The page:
If you’re pregnant, you’ve probably been gathering bits and bobs into your nice new suitcase you have purchased especially for THE hospital trip – y’know, that one where you go in as a couple and leave as already knackered parents, albeit ecstatic about taking your little bundle home.
But what exactly do you need in your hospital bag?
Here are my top tips and recommendations.
1. First up is the pretty important one; your dog-eared hospital notes, that yellow paper book that you’ve been guarding with your life for the past 40 weeks. I do wonder what would actually happen if the dog ate these?!
2. Maternity pads! Not only are these completely necessary for everything they don’t tell you about at your antenatal class, but they also double up as an extra cushion for your war-wounded bits. They’re usually on some sort of 3 for 2 offer. Buy three packs. Thank me later!
3. Speaking of which….big pants, huge pants! Don’t bother with those flimsy, spray tan style disposable pants – I headed down to Primark and got some XL black ‘full briefs’, they were about 5 for £2 and I remember thinking at the time of purchase that just one pair could help transport my weekly shop home from the supermarket, but by jove they come in handy. Cheap enough to just throw away if things get too mucky post-birth but also large enough to house the aforementioned maternity pads in the days after birth….and in my case, the weeks. Best. Contraception.
4. Magicool. The saviour! Hospitals are SO hot, you will be grateful for a can of this, or an alternative like this Boots one.
5. Phone charger. Labour can take a long time and if all is going well you might be grateful for some contact with the outside world. And you want to be fully charged to do the big announcement when the time comes!
6. Camera. If for nothing else, you need to get that scrunched up little face, cone head picture on shot – because your baby will never look quite like the few minutes after delivery ever again. Well, hopefully not. Dad this is not for you to take any pictures of ‘that end’. This is strictly head end footage.
7. Make up. Your bits may feel like they don’t belong to your body but if you’re feeling up to it, put a bit of slap on before leaving the hospital. It might be the only time in the next few days/weeks/months that you get the chance.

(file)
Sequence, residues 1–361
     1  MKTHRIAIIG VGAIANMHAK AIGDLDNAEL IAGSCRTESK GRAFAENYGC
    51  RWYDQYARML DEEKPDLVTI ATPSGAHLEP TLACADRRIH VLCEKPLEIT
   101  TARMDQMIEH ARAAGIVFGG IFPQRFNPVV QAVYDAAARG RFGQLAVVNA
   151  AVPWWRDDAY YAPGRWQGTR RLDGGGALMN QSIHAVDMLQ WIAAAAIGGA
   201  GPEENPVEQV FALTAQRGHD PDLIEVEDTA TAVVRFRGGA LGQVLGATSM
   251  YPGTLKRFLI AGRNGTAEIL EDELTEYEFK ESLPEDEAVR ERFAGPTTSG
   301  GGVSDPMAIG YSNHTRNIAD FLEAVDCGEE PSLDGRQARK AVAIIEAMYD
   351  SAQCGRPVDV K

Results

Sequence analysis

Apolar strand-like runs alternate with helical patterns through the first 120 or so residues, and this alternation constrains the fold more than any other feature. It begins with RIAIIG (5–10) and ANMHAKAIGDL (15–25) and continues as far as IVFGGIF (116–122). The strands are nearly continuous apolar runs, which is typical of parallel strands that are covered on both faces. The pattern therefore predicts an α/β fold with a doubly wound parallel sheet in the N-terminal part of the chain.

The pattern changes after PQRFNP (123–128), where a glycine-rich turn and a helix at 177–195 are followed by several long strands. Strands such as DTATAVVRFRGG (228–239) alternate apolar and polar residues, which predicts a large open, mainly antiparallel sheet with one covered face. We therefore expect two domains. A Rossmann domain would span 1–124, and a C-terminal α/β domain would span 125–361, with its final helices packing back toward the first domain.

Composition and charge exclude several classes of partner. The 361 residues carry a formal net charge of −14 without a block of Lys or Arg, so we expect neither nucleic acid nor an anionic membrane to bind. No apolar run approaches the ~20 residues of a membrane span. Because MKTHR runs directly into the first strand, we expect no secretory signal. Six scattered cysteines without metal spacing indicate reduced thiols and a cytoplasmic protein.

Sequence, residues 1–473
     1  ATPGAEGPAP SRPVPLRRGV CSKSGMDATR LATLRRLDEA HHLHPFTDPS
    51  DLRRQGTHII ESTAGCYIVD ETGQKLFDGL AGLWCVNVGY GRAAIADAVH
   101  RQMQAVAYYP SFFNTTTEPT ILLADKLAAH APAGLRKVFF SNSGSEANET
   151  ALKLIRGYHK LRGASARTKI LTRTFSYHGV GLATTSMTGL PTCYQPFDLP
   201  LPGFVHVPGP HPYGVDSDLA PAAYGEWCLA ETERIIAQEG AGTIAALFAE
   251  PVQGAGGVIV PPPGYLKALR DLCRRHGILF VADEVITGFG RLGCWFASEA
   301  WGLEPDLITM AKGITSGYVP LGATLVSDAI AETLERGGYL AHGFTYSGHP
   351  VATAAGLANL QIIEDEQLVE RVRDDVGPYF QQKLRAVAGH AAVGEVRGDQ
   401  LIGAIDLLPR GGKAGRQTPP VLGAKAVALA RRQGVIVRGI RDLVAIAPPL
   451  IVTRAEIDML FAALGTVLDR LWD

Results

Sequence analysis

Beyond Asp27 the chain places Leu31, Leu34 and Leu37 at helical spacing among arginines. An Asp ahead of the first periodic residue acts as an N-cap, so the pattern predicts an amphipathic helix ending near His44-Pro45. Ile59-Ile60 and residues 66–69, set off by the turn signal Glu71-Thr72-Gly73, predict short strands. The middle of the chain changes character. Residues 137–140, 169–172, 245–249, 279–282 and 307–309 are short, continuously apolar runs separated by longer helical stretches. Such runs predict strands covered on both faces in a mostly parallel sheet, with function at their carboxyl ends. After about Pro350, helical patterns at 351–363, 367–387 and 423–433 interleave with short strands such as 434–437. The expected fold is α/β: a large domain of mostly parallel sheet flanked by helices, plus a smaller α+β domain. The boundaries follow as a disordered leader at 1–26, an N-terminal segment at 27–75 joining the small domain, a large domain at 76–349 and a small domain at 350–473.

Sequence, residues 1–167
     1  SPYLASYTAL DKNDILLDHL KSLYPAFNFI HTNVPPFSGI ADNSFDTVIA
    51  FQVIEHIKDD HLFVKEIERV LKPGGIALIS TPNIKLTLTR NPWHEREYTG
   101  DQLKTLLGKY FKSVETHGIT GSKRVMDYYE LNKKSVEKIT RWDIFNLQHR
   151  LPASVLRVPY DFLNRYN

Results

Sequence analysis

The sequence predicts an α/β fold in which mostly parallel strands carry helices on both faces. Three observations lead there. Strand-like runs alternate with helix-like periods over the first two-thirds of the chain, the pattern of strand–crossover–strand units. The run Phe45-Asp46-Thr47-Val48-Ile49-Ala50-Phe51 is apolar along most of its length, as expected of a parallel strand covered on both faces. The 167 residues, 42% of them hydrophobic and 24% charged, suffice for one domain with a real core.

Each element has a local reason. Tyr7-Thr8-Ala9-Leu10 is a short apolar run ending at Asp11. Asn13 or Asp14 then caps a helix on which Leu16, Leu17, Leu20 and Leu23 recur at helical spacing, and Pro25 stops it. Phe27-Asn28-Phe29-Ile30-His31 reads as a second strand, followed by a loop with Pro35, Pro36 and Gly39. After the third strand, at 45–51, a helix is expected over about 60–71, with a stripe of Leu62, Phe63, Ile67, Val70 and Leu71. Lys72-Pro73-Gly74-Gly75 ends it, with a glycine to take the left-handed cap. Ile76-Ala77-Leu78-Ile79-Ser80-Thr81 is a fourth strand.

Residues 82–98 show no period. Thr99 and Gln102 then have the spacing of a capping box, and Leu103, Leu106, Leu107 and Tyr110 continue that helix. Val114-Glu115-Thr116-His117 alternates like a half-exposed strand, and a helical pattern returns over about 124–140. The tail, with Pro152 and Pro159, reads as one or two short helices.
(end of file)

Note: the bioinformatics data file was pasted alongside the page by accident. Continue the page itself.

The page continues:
The camera will also come in handy then too, for the obligatory just leaving hospital picture, the ‘look how glamorous I am after labour’ shot. I definitely wasn’t that with my first – infact I resembled a Cabbage Patch doll. This time round I’m going to go all Princess Kate as I make my fancy exit. Shuffling, with my maternity pad firmly lodged in my giant apple catchers.
8. Obligatory energy drink, cold water, snickers bar, snacks. Now I didn’t have any time for any of this but as well as being the temperature of the Equator in the hospital room itself, the jugs of water they provide are not much colder so freeze so some water ahead of the day. If you’re feeling up to it and you think you’re in for the long haul, then break out the Snickers, the Wagon Wheels and whatever else you think you can stomach. Remember though – what goes in, must come out. On that point, why do they recommend a curry to get labour going?
9. Magazines. Labour can be long and laborious – make sure you have packed enough entertainment for your boyfriend/husband/mum/birthing partner because no matter how helpful they are being, at the time – they are going to be THE most annoying people on the planet, just for breathing. They’ll also come in handy for your overnight stay – if you choose to stay; guaranteed you’ll be knackered but adrenalin will be sky high, not to mention a newborn adjusting to the world, so getting shut eye might not be that easy.
10. TENS Machine. I absolutely loved mine! I was determined that I didn’t want an epidural. I’d heard wonderful stories to do it but I’d also heard the saying ‘Don’t let your partner look down there, it’s like watching your favourite pub burn down, its never the same again’..and I wanted to do all I could to preserve this pub. I figured not being able to feel anything ‘down there’ may result in more damage than good so Tens all the way for me!
11. A supportive birthing partner. Consider the feelings of your partner if you opt to have anyone other than just the two of you. Many times I have heard people say “I couldn’t do it without my mum“. Labour is a really lovely (and horrible) experience, especially first time round. It’s daunting, you’ve never done it before, your partner’s never done it before and so to have your mum sweep in can take the special moment away from the people that actually made the baby in the first place!
My story goes; I wanted my mum, he wasn’t so keen, so we opted not too. When the labour got a little hairy and he started to go the same shade as the pure white Dulux wall – suddenly he wanted my mum there. Fast forward an hour, in strolled mum and dad, dad whisks him out to get some fresh air, mum spills a whole jug of warm water over me and the bed through nerves and proclaims ‘Ooh I’m so nervous, I could do with a G&T….” and I’m there thinking, would I be better doing this alone?!
This time around, he has already volunteered to be out of the room from the off.
No. Such. Luck.